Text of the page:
Where are the Answers?

One day we were driving in the car together before Abigail was even a thought and Jordan played a little song for me by *NSYNC. Maybe you have heard it, “God must have spent a little more time on you.” The chorus goes a little something like this, “When I look into your eyes I know that it’s true, God must have spent A little more time On you.” It’s a classic love song, and I hated it. I felt like it was just saying you needed so much extra help that God had to take extra time fixing you to be right. I know that is not how you are supposed to take it, but that is what I heard. We still laugh when we hear that song and we will sarcastically say, “yep, God spent some extra time on you.” Then we had a lovely baby come along and I can definitely say that God put some work into making her!

We have been to about seven different specialists, not including her therapists and regular pediatrician. It goes without saying that every single doctor has been puzzled by Abigail. She is an odd bird to say the least. Her tests results never come out the way the doctor plans. Her results often do not match what she can do physically. We have done many tests and procedures in this short two years and every single one has come back normal with zero answers as to why Abigail is the way she is. She is a complete medical mystery so far.

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Our medical mystery…at least she is cute!

Just this week we received details about her genetic testing we have been waiting on for six months now. Six months is a long time to wait on a test that could literally change everything.  Everything is pending on this test. Answers as to why Abigail is the way she is, what our next steps will be, what her future will hold, and finding out about our next steps as a family. This was a BIG test! And in about five minutes of being on the phone all our hopes were shot. You say you will not get your hopes up. We knew this test could be as normal as the other test. We knew it might not give us the answers we were counting on, but you cannot help but to get your hopes up a little bit.

The nurse on the other end of the line said what we have always heard, “basically, the results show that all Abigail’s genes and chromosomes are normal. She does not have any misplaced or missing, so that’s unfortunately fortunate.” We have been fortunate that she has no major chromosomal abnormalities, but part of you wishes there was one thing wrong so you could have an answer. We are very unfortunately fortunate a lot. Part of us wants to cheer because our baby is healthy, and the other part of us wants to beat our heads against a wall because this constant testing process will never end. Between scheduling appointments that are months away because the doctors are so booked up, and tests that take months to complete we feel like we will never have the answers we seek.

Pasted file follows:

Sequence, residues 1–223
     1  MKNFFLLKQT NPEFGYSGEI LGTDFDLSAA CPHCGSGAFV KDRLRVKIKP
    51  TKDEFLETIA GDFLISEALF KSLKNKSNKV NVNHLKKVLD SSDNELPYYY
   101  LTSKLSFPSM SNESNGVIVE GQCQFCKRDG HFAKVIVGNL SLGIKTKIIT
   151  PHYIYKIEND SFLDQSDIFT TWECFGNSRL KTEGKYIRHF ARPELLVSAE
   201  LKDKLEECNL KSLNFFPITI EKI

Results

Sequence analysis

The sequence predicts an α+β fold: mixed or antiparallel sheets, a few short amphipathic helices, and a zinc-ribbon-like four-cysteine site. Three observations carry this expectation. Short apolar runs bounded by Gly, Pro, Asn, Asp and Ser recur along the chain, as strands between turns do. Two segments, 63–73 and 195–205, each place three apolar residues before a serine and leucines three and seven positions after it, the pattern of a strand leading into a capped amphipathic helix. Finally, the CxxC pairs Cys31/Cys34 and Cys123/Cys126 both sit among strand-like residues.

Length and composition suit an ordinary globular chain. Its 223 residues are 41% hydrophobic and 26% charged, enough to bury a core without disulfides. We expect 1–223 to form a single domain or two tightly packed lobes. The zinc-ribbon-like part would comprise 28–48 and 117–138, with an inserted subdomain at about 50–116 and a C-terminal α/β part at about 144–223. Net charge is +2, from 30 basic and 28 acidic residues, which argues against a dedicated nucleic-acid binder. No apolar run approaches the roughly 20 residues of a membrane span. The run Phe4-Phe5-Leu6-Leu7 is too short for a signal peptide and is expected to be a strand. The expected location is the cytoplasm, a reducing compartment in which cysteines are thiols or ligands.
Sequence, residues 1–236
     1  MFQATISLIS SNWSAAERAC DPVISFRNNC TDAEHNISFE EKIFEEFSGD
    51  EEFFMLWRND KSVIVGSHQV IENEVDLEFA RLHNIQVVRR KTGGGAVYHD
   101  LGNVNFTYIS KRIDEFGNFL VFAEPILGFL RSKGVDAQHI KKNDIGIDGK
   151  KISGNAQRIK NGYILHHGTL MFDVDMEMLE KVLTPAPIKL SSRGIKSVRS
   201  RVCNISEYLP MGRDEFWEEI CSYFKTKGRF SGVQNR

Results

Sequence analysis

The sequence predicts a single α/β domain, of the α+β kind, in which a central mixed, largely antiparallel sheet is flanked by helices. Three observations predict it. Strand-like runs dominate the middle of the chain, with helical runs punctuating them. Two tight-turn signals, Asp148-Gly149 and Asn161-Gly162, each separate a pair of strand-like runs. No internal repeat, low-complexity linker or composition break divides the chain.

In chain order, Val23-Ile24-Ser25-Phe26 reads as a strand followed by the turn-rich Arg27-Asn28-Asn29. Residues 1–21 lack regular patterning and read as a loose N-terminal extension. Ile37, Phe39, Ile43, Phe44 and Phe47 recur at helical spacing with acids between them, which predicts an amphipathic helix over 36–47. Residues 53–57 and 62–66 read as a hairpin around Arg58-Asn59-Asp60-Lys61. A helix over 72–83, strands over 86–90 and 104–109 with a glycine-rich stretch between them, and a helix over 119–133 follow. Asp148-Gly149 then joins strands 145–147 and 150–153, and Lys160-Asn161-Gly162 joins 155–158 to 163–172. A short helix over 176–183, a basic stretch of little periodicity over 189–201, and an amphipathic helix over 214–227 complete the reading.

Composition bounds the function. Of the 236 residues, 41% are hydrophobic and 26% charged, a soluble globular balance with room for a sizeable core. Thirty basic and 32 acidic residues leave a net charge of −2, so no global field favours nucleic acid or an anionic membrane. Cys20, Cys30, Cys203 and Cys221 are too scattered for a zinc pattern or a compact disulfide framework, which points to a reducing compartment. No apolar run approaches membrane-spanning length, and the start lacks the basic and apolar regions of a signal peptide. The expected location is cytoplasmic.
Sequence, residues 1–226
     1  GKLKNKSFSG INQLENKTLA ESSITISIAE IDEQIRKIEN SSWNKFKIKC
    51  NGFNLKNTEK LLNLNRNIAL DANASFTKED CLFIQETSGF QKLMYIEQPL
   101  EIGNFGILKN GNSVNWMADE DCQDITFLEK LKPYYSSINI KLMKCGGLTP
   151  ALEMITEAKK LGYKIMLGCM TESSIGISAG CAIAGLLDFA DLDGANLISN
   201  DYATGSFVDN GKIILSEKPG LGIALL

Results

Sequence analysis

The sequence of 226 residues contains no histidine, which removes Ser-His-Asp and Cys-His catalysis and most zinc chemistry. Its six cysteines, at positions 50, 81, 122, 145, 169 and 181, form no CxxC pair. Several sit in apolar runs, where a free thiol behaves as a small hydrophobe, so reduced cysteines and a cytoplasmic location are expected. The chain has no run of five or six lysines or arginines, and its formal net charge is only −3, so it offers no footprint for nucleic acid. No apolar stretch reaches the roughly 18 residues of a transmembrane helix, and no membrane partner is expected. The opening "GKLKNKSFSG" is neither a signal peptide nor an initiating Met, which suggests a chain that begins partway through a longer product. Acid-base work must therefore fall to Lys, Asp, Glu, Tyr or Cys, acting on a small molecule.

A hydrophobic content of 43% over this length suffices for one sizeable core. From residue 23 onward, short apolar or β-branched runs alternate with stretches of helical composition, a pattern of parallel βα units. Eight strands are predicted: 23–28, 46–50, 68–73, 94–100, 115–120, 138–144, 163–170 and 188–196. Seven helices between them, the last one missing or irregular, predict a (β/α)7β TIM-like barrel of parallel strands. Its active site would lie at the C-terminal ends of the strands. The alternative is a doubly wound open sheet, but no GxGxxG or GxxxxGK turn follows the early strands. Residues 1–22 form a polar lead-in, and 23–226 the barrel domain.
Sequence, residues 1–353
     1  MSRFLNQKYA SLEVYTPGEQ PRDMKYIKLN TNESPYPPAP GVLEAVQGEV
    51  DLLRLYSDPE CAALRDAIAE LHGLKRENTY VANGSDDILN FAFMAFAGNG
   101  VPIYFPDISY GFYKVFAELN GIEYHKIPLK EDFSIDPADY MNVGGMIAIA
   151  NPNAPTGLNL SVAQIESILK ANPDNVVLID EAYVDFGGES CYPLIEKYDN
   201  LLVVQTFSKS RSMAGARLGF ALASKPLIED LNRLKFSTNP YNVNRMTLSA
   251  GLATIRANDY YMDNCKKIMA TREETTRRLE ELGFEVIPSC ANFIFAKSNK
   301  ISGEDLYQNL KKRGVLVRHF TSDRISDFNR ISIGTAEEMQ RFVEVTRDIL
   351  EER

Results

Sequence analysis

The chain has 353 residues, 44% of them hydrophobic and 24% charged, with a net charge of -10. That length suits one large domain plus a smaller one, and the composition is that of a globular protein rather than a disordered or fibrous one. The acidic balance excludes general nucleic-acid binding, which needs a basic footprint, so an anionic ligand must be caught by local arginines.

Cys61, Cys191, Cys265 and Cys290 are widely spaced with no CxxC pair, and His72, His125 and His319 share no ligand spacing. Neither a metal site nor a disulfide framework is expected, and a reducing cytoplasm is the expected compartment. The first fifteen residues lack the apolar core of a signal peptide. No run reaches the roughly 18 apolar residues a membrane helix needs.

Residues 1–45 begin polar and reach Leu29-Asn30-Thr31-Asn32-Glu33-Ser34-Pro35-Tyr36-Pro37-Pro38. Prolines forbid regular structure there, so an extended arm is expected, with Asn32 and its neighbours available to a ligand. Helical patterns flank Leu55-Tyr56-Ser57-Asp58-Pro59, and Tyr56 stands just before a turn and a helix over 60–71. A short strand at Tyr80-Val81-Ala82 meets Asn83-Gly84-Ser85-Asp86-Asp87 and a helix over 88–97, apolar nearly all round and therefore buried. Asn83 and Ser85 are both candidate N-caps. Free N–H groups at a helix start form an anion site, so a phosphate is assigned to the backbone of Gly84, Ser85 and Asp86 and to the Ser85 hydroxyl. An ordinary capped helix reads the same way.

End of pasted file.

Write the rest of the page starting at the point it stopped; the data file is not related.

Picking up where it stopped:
What makes Abigail the way she is? No one can tell us. No one can say why she is so social and yet she cannot talk. No one can say why our two year old, who has been working on sitting for 18 months now still lacks the core strength to sit on her own. No one can tell us why her legs refuse to hold her up. No one has any answers and it is frustrating. But for now we are doing what we can. Even with a diagnoses we would do exactly what we are doing by going to therapy and receiving all the help we can for her. But it is that one question that plagues us – why? Why did God spend a little more time on Abigail, making her so complex? Why is it our child who will have to work harder in everything she does in life? Why?

I cannot answer these questions. I ponder them sometimes as I go throughout my day. When people ask us what is wrong with Abigail I try to explain to the best of my ability what I do know, but there is an awful lot I do not know. But I do know that God made her. He may have spent some time crafting her uniquely, but His thumbprints are all over her. And God made her with purpose. He made her in love. He made her with grace and mercy, and He loves Abigail more than I do plus a million times more. While I do not have all the answers, I know we are not alone as we journey through this. We have a Leader who guides us through. Yes, the way is often dark and very lonely but we are not alone. And for that I am thankful. I am thankful God spent a little more time on Abigail. She is perfect in every way and I would not trade her for the world. She may never talk or walk or even dress herself, but she is my sunshine and my little blessing. I only pray one day as I look back over our journey I will see the fingerprints of God in every step of this long path.

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Abigail’s Special Ability

We were sitting on our front porch and we watched three little girls ride by on their bikes. She watched them riding by, giggling as they went. As they disappeared around the curve she reached her little arm out and I explained they had already gone. She just kept reaching, processing everything that had just gone by her. My own eyes filled with tears as her eyes kept watching after those three girls. My baby girl cannot keep up with those girls. She might never ride a bike or run around the front yard. As she watched those girls go I wondered what she was thinking.

A questionnaire I was filling out at the doctor’s office asked if Abigail’s condition affected her relationship with others. I had never thought of it affecting her before. She is such a friendly, social little girl. But as I sat there pondering that question I thought of how much she is affected. She cannot explore her environment as a normal toddler would. She cannot socialize with other children her age because they are too fast for her, and they scare her. Yes, she is cute and a show stopper in so many ways. Yes, she can get all the attention in the room quickly. Yes, she is a social butterfly and does not mind getting attention from complete strangers. And yes, she loves all people. But how does her disability affect her socially?